How I Write and Deliver Long-form Copywriting Projects:

Landing Pages, White Papers, Case Studies, Direct-Mail Packages and Other Copywriting Projects

Below, find a general description of how I proceed and communicate with you during most long-form copy projects.  Some of this philosophy carries over to shorter copy projects as well.

For a detailed description of my marketing philosophy and writing style, please read the article Relevant Content Marketing.

1.  I gather as much information as I can about the product and the market.  Read more information on my steps for success and how I build the writing project in the How I Write page.

2.  I spend a lot of time studying the information.  I key it all in to a new workspace, which often times becomes the workspace of the final product.  This often gives me 20-40 pages of information from which to craft the initial draft.

3.  At the top of the workspace, I'll use a placeholder headline and lead.  Then I'll add sub-headlines at appropriate spots with short paragraphs outlining what I want to write, indicating the general flow of information.

4.  When I'm satisfied with the direction of the copy, I'll write a separate copy platform describing the promotion I intend to write, including assumptions about the target audience.  I'll indicate the theme of the package.  Sometimes this platform is a brief, informal memo.  But when I feel the client and I would benefit from greater detail, I do a more formal copy platform.

5.  Sometimes, a project could have several different approaches and headlines.  If necessary, I'll recommend split-testing of the best two or three.  That offer is made, but whether to do that is completely up to the client.

6.  Once the platform is approved, I write the copy.  I go through many drafts before showing it to the client (see How I Write).  Before the copy is e-mailed to the client, it's read by a professional proofreader.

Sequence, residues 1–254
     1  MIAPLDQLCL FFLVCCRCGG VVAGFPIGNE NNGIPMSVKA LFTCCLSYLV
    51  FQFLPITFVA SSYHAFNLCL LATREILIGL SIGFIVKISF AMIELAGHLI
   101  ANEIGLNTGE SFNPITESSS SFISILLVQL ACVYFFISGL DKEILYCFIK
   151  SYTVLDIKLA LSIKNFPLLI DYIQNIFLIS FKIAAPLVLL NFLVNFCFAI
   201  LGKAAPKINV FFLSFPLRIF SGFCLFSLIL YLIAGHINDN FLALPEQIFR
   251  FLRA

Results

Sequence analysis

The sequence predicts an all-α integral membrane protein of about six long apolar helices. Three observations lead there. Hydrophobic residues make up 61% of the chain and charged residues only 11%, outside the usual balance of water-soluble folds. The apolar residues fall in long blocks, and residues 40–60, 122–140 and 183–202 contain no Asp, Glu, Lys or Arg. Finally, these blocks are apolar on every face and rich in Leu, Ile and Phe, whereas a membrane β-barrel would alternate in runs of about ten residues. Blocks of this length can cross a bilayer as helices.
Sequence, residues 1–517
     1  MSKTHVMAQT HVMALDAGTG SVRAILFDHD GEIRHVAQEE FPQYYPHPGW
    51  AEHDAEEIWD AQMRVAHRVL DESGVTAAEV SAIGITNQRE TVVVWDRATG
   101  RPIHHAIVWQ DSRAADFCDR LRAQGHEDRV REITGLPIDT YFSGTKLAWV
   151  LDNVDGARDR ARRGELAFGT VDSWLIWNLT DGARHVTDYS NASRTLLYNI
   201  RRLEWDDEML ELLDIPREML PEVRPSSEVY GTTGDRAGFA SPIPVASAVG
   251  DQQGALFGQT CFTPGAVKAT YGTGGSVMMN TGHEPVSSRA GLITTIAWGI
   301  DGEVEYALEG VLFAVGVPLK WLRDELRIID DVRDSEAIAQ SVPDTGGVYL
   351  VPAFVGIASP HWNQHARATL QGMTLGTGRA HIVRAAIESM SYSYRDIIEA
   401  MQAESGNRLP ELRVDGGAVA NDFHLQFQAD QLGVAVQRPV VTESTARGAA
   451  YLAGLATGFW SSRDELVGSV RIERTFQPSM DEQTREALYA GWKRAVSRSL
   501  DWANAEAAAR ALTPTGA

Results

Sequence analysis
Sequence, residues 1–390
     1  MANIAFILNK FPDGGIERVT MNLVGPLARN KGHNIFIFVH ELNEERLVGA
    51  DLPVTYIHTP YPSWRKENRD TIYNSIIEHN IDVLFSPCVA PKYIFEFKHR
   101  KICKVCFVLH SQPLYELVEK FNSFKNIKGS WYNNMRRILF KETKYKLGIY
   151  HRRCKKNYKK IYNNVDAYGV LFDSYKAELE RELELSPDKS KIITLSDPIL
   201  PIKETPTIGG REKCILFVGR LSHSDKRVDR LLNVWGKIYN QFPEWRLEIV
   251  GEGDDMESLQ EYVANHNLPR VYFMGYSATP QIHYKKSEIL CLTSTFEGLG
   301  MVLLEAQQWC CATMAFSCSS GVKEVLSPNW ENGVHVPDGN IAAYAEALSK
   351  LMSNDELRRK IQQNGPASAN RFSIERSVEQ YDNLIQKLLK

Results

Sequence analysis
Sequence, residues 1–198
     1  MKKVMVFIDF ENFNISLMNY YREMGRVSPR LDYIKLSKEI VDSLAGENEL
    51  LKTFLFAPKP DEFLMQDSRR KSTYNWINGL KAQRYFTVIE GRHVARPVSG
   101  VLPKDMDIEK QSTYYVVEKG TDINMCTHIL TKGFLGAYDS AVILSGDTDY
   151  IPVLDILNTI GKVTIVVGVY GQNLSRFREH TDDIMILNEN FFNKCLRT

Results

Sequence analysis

7.  When I show it to the client, I ask them to provide comments for the draft.  I recommend using Microsoft Word's "Track Changes" feature. This makes commenting at length an easy task.

8.  I'll then revise the copy until the client is satisfied and accepts it.  I'll express my viewpoints and opinions clearly about any changes, but the client is the boss.  If the client insists on a certain edit, even though I might object, that edit will be made.

9.  I'll request that client email me a pdf or let me see the layout before it's published.  Maybe it's a web page and has a developer url I can go to and see the page.  This lets me to check that all components are in the right place, and that the design is as effective as it can be.

I also give the layout to my proofreader for a final proofing on our end.  However, the client is responsible for final checking of all copy, design and production elements.

10.  I'll give my comments and suggestions before the product is released.

11.  If I'm getting a royalty on the release, I'll often suggest test ideas or improvements to the client at no cost, so as to maximize response (and of course maintain our copy as the control).

Thanks for reading! If you'd like more information about me, please visit the About page and Services and Fees page.  The FAQ page is there to answer any questions that aren't covered.  Contact me if you'd like to hire me.

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